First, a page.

When the environmental effects of halon became known, industrial users of halon and fire protection professionals worked together to limit halon use and emissions. Through changes in standards and specifications, industry has virtually eliminated its use of halon for testing and training purposes. Historically, testing and training has been responsible for the majority of halon emissions. Many companies have also implemented programs to reduce false discharges due to human error and equipment failure. Safety training and awareness programs in conjunction with advances in detection and control systems have contributed greatly to reduction in emissions. Many organizations that continue to rely on halon systems for fire protection have instituted programs to identify their most critical needs. Halons that can be removed from non-critical or obsolete facilities are then recovered for use in more critical applications.

 

Is Halon Restricted?

Although some states are banning the sale of certain hand-held extinguishers for non-commercial uses, the answer is generally no. However, effective January 1, 1994, the production and importation of new halon was banned in the developed world by international agreement. Careful use and conservation of halon is, therefore, important so that existing supplies will be sufficient to meet all future needs.

 

Can Halon be Recycled?

Unlike aluminum cans or newspapers, once Halon is released it is virtually impossible to recover. If Halon is still contained in cylinders retired from service or if a container is leaking, the Halon can be recovered for reuse. In fact, some Halon distributors and users have been doing this for many years, long before Halon emissions were identified as an environmental problem. Since current legislation prohibits the production or importation of new Halon into the U.S., recycled halon is now the only source of supply.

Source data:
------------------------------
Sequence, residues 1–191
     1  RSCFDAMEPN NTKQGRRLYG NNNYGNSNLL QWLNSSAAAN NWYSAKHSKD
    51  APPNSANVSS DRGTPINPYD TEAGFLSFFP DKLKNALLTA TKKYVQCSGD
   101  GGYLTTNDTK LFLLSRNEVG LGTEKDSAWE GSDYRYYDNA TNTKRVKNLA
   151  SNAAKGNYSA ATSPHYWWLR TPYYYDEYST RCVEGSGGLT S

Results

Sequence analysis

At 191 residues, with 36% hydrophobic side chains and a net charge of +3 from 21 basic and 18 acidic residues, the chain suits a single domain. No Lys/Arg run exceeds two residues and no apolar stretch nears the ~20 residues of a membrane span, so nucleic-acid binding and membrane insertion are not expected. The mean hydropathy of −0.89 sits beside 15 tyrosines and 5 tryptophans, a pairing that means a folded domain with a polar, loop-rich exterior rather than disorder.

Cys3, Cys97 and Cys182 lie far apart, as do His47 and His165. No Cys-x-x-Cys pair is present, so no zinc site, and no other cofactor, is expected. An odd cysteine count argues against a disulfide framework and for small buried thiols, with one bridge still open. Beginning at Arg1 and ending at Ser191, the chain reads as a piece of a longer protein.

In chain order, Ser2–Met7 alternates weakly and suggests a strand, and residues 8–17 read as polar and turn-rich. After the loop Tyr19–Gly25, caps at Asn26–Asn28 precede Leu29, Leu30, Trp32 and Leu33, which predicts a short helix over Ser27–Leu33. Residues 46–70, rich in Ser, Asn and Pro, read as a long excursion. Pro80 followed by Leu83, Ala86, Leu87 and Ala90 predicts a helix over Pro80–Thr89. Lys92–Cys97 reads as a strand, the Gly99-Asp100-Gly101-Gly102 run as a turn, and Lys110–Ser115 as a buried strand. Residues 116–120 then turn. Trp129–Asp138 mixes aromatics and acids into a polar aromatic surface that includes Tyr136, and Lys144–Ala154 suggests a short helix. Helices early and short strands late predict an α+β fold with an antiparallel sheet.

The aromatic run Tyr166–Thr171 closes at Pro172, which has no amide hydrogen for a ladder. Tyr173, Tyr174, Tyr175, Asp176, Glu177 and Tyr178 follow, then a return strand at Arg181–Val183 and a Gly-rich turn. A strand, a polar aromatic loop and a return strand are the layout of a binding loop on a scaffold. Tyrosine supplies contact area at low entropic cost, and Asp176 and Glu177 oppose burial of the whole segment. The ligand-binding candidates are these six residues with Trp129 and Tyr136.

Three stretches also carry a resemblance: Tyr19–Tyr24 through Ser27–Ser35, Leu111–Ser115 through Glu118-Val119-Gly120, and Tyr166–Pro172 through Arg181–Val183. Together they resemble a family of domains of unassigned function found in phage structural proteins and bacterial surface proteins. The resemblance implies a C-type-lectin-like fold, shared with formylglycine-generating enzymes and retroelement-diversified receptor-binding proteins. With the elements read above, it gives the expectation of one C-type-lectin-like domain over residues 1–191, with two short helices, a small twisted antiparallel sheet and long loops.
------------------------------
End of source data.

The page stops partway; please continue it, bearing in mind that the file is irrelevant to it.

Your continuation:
It can be obtained from a number of sources, including fire equipment distributors and independent recyclers. Industry, in conjunction with EPA, formed a non-profit organization to assist in halon recycling. The Halon Recycling Corporation (HRC) acts as a facilitating organization by providing information services to match companies who have a surplus of halon with those companies who have an ongoing need for the fire fighting agent. For more information contact HRC or ORR Protection Systems, Inc.

 

Do I have to report discharges (HFC-227ea, Halon 1301) to EPA?

No, but many regulations and rulings have been put into place to prevent intentional release and reduce emissions. For instance, federal regulations (40 CFR Part 82.270(f)) require owners of halon systems to be responsible for maintaining this equipment in order to prevent halon release.

 

What are the 4 classes of a fire?

Class A – ordinary combustibles such as wood and paper
Class B – flammable liquids such as  gas and oil
Class C – engergized electrical equipment such as wiring and machinery
Class D – combustible metals such as magnesium and sodium

 


How do I know if clean agents are safe?

The EPA evaluates The Significant New Alternatives Policy (SNAP) to ensure chemicals wouldn't cause greater damage to human health or the environment. Each of today's clean agents are SNAP approved.

 


What clean agents are available today and how do I know which one to use for my application?

 

Fire Suppression Clean Agents